31. 1.2.5 Civil Engineering Involvement in Transportation • Transportation engineering is more commonly used or refer to a subspecialty of civil engineering , which includes both physical civil engineering and systems engineering . • Historically, the primary involvement of civil engineers in transportation has been in the provision of physical facilities and the devising of operating strategies for them.

  32. Most civil engineering activity related to the provision of physical facilities is what might be called physical civil engineering; • On the other hand, most civil engineering activity related to planning and operation of the transportation system, is what might be called systems engineering.

  33. 1.3 TRANSPORTATION SYSTEM • Transportation is typically systematic engineering, a set of interrelated parts. • The transportation system is organized around society’s need to provide an adequate service and involves broad interaction with many other disciplines. • The goals of the transportation system are primarily economic; the most important constraints it faces are environmental.

  34. 1.3.1 Scope and Functional Organization of transportation system • Transportation is one of the major functional systems of modern society. • The transportation system is a functional system in the context of society as a whole, and is a major functional system.

  35. The economic scope of the transportation system is indicated by the fact that in 1998, transportation accounted for 11.2 percent of the gross domestic product and 19 percent of the average household expenditures in the United States.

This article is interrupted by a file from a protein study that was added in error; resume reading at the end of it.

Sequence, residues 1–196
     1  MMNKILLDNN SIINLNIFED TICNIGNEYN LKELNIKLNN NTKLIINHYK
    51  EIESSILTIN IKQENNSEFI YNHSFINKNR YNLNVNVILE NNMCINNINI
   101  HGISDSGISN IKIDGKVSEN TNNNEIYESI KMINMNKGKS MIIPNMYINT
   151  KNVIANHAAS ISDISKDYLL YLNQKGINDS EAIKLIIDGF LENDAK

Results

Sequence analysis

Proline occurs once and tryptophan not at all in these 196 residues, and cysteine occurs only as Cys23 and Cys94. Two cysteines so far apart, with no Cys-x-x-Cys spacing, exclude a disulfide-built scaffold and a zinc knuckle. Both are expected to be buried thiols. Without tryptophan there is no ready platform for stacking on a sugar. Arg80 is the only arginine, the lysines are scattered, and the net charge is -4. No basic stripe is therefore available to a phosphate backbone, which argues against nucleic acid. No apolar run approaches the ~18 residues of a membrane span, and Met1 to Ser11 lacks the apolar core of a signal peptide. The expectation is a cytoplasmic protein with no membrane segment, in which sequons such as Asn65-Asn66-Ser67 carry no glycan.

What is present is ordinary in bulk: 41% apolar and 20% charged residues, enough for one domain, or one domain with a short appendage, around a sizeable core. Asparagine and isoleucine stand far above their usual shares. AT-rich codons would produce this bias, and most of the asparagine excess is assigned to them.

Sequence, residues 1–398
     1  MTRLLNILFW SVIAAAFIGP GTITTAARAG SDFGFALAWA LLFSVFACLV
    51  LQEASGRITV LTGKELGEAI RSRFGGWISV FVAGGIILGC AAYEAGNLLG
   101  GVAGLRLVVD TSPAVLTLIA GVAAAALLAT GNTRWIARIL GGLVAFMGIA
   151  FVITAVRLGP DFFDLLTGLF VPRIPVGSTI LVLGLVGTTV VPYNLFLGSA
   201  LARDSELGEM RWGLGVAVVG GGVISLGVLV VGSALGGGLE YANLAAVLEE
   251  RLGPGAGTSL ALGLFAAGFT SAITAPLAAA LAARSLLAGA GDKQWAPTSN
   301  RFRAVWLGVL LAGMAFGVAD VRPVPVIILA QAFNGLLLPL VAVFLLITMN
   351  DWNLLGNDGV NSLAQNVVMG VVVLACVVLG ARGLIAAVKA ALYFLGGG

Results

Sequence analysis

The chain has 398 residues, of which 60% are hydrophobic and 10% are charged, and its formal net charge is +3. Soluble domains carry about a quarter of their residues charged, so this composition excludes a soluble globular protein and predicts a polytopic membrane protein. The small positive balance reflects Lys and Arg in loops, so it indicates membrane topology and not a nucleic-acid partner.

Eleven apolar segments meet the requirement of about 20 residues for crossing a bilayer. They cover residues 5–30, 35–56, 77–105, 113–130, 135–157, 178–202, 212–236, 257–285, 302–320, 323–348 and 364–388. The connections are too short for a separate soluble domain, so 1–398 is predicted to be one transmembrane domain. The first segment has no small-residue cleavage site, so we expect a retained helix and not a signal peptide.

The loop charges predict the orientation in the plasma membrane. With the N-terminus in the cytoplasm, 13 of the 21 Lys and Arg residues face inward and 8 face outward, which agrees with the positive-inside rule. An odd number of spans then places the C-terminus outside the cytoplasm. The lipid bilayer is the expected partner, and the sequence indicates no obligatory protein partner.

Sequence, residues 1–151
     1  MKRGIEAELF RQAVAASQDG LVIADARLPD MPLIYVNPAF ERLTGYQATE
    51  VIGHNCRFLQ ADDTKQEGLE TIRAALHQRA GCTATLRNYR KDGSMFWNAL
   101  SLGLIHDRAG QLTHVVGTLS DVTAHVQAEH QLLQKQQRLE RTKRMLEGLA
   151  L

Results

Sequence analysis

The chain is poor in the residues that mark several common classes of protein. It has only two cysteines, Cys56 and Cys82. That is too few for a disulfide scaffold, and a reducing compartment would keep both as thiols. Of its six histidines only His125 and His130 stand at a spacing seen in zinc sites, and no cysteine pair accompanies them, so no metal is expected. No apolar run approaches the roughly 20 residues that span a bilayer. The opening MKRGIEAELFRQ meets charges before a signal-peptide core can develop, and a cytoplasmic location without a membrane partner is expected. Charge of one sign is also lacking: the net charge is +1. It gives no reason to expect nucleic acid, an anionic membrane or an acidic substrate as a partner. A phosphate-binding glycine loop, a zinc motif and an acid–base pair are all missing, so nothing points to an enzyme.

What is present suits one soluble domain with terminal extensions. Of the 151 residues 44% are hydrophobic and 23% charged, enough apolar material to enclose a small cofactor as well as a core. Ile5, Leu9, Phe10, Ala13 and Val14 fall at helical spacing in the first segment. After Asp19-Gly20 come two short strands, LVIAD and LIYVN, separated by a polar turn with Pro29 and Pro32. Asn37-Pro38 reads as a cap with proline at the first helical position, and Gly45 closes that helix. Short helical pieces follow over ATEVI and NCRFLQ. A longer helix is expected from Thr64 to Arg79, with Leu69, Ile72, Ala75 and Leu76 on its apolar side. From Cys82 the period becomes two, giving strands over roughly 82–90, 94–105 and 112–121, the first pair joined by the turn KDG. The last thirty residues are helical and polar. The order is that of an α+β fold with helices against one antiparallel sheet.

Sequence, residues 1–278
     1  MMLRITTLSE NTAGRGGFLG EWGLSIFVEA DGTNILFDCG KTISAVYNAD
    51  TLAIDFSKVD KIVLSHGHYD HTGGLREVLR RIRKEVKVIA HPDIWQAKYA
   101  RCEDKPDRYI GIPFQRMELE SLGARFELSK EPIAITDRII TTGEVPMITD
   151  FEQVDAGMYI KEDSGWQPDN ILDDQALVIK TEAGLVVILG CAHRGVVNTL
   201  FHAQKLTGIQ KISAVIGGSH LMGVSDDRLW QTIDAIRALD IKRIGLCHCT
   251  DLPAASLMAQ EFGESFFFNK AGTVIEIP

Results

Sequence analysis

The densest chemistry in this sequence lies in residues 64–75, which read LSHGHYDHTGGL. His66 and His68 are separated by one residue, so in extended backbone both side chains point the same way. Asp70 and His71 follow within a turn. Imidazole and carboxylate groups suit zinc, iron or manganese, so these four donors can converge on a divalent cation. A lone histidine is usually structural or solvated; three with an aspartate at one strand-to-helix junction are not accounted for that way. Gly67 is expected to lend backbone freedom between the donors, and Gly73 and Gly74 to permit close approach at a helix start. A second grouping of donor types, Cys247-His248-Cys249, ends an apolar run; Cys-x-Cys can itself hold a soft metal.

36. The transportation system is a major source of resource consumption and environmental impact. • Transportation accounts for almost two-thirds of the petroleum consumption in the United States and is a major contributor to environmental problems such as air pollution, noise, and destruction of natural habitats.

  37. Components • Physical facilities, including streets, roads, and highways; railroads, airports, sea and river ports pipelines, and canals • Fleets of vehicles, vessels, and aircraft • Operating bases and facilities, including vehicle maintenance facilities and office space • Organizations • Operating strategies, including vehicle routing scheduling, and traffic control

  38. FAA (Facility-oriented organization) Safety regulation Airport traffic control Funding MPOs (Facility-oriented organization) Airtines (Operating Organization) Funding planning Airport Authorities (Facility-oriented organization) Own Tenant operations Terminal (ticking, etc.) Tower Maintenance Facilities (Operating bases) Airport (Physical Facilities) Operate Determine Runways Taxiways Use Traffic control Own/operate Aircraft (Fleets) Terminal area and en route traffic control Route Structure Schedule Operating politics (Operating strategies) Operating plans Figure 1.3 Interrelationship of functional components of a commercial air transportation system